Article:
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Arturo Capasso
Full Professor of Corporate Governance, University of Sannio | LUISS G. Carli.

The digital transformation of management and governance processes in the Italian companies

"46.5% of executives now believe that digital transformation will be essential to their survival in the next 3-5 years." - Worldwide SMB Executive Survey: IDC 2017


Digital transformation as an element of business development


Historically, there has always been a causal relationship between technological innovations and business methods for managing and developing a business. In the Industrial Revolution, the introduction of machines and the consequent economies of scale have given an impressive acceleration to the growth of companies size. A few decades later, the progress of telecommunications, with the introduction of the telegraph first, and then of the telephone, played an essential role in the internationalisation of companies. However, even less radical innovations, such as the fax - to mention just one outdated technology - have considerably changed the way work is organised within companies and in the academic community.

Recently, it became clear that the innovations with the greatest impact on business organisation have definitely been the development of the Internet and of the mobile communications, supported by the significant expansion of the capacity to acquire, store and archive data. The combined effects of these innovations had a disruptive impact, not only on the development and organisation of businesses, but also, on many other aspects of our daily lives, for instance, on the relation with the public administration, and even on personal relationships.


Starting from this scenario, and in a continuous evolution, some considerations related to the digitisation, archiving and electronic management of documents emerged along with their impact on business practices in companies. In fact, the possibility of being permanently connected to company networks and being able not only to communicate in real time, but also to access and modify any document, has undoubtedly favoured the sharing of work and facilitated the coordination of complex activities that require the participation of several actors, often located in geographically distant locations and, sometimes, operating in different organisations.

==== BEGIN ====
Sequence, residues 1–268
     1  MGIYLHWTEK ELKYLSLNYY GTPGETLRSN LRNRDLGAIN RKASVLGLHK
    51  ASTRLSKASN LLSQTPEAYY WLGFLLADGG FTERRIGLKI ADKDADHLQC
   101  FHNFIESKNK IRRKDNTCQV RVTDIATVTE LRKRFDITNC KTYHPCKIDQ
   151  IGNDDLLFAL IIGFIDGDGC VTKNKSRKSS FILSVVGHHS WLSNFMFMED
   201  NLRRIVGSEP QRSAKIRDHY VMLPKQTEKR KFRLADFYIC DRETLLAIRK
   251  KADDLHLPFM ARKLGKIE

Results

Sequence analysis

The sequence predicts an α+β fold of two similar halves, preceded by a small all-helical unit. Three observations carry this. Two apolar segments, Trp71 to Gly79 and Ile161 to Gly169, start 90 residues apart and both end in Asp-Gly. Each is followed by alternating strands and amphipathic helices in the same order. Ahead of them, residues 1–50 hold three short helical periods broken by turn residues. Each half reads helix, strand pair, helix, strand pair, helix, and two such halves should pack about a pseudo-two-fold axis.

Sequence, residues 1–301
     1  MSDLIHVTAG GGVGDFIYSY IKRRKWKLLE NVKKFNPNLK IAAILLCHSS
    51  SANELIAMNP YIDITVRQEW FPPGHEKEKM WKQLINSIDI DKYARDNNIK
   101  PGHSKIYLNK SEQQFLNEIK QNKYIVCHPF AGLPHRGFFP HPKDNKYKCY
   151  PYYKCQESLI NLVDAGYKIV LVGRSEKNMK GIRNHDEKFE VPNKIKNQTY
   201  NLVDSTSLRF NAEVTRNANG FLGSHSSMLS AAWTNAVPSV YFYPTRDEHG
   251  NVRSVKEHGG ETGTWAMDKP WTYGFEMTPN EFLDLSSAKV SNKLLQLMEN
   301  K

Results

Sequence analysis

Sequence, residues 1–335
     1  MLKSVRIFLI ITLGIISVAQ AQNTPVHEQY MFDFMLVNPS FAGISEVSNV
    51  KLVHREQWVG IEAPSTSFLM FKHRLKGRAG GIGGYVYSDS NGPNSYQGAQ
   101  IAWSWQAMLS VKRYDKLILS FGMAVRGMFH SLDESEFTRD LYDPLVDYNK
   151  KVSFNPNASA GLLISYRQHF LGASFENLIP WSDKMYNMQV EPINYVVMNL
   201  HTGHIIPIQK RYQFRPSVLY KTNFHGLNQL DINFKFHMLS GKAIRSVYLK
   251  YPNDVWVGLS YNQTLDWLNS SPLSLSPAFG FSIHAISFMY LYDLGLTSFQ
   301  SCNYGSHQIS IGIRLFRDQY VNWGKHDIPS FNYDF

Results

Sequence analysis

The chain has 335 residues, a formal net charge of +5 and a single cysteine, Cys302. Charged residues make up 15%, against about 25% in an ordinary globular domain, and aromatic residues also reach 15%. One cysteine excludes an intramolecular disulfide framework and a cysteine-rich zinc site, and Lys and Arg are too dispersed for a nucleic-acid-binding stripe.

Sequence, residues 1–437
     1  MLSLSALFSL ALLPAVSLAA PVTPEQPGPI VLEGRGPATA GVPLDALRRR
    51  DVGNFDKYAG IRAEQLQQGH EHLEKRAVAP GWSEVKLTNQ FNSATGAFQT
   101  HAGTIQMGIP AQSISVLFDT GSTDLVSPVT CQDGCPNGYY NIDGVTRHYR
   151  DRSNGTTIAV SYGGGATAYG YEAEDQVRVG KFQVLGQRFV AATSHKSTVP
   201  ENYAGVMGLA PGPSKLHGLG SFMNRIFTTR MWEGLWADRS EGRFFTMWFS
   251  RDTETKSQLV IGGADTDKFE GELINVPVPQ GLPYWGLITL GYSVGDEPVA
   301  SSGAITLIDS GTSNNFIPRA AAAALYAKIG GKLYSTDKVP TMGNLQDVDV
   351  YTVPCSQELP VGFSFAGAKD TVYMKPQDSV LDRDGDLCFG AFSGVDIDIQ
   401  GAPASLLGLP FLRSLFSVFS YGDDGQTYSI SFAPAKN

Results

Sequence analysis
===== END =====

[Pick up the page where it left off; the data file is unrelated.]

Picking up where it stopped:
In this sense, digital transformation and the consequent reorganisation of business work is certainly a central point. In fact, it is not surprising that, according to data from a study conducted in 2017 by the International Data Corporation (IDC), 46.5% of Italian executives consider digital transformation to be a critical factor for the development of businesses in the next 3 to 5 years (Worldwide SMB Executive Survey, IDC 2017). It is clear, therefore, that the digital transformation represents a fundamental challenge for the Italian business world, on which the future economic growth of the country's system will depend.


The digital economy in Italy

How much is the digital market in Italy worth? There is no clear answer to this question. The main reason is linked to the transversal nature of digital innovation. In fact, the boundaries of the sector are not easy to define, and recent estimates indicate the value of about EUR 58 billion, employing 253.000 units in 2017. Compared to 2016 there has been an annual growth of 9% of the market size, and of 15% in the employment1. According to the Europe’s Digital Progress Report, published in 2017, among the European countries, Italy has had a 19.7% growth in corporate digitisation in the past two years2.

However, it seems evident that there is a different speed in the digital transformation process. Large groups are already at an advanced stage, often even ahead of their foreign competitors, while small and medium-sized enterprises seem to be lagging far behind3

The delay in digitisation of small and medium-sized enterprises is worrying because they represent the main component of the Italian industrial system, on which the Italian economy relies and builts its international success. Italy is in fact a world leader in the production and industrial machinery sector mainly thanks to its industrial districts, networks of small and medium-sized enterprises, which are often seen as "pocket multinationals". For this reason, the country must increase the digitisation of information and decision-making systems of both small companies and inter-company networks in order to remain competitive in the world economy. However, the small size of an enterprise should, rather than a limit, represent an advantage, because small and medium enterprises are usually much faster than large groups in adopting new technologies4.

Furthermore, from the perspective of the production of digitising services, it should also be noted that, unlike countries such as the Netherlands and the United Kingdom, which export digital services to Europe, Italy imports digital services5. This is in contrast with the presence, in Italy, of universities and research centres that are at the forefront of scientific expertise in the field and, which, however, lack the necessary link to the business word. A connection that in other countries is represented by investments in venture capital funds and by the technology transfer carried out among universities, research centres and business communities.

Undoubtedly, the digital transformation offers a scenario of enormous potential for the Italian research system. In fact, after having acquired the necessary entrepreneurial mentality, there could be the possibility of considerably reducing imports and, at the same time, of increasing the potential for digitisation of companies. That is because, in addition to the aforementioned sectors, there are other successful market sectors, such as automotive components, food, fashion and the pharmaceutical sector, which lacks digitisation, and at the same time, have the potential to increase their level of innovation. For instance, the agro-food industry presents a problem in terms of products traceability, which could be solved thanks to digital technologies, or the fashion and e-commerce sectors, where only about 10% of companies sell goods or services online and only 25% of the consumers use the web as the main channel6.